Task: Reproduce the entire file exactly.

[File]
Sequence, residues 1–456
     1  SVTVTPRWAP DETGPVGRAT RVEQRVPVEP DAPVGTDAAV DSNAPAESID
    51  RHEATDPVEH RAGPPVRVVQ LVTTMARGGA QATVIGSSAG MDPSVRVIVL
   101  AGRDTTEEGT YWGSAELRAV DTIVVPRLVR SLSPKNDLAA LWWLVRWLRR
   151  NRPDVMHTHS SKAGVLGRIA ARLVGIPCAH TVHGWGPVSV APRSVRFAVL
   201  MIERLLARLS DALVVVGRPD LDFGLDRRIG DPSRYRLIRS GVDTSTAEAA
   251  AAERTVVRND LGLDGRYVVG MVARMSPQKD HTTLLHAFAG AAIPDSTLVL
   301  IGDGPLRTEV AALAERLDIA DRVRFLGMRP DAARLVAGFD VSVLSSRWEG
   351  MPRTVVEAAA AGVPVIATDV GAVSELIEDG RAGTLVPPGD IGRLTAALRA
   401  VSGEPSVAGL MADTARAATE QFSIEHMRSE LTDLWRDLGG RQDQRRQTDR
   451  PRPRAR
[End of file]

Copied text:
Sequence, residues 1–456
     1  SVTVTPRWAP DETGPVGRAT RVEQRVPVEP DAPVGTDAAV DSNAPAESID
    51  RHEATDPVEH RAGPPVRVVQ LVTTMARGGA QATVIGSSAG MDPSVRVIVL
   101  AGRDTTEEGT YWGSAELRAV DTIVVPRLVR SLSPKNDLAA LWWLVRWLRR
   151  NRPDVMHTHS SKAGVLGRIA ARLVGIPCAH TVHGWGPVSV APRSVRFAVL
   201  MIERLLARLS DALVVVGRPD LDFGLDRRIG DPSRYRLIRS GVDTSTAEAA
   251  AAERTVVRND LGLDGRYVVG MVARMSPQKD HTTLLHAFAG AAIPDSTLVL
   301  IGDGPLRTEV AALAERLDIA DRVRFLGMRP DAARLVAGFD VSVLSSRWEG
   351  MPRTVVEAAA AGVPVIATDV GAVSELIEDG RAGTLVPPGD IGRLTAALRA
   401  VSGEPSVAGL MADTARAATE QFSIEHMRSE LTDLWRDLGG RQDQRRQTDR
   451  PRPRAR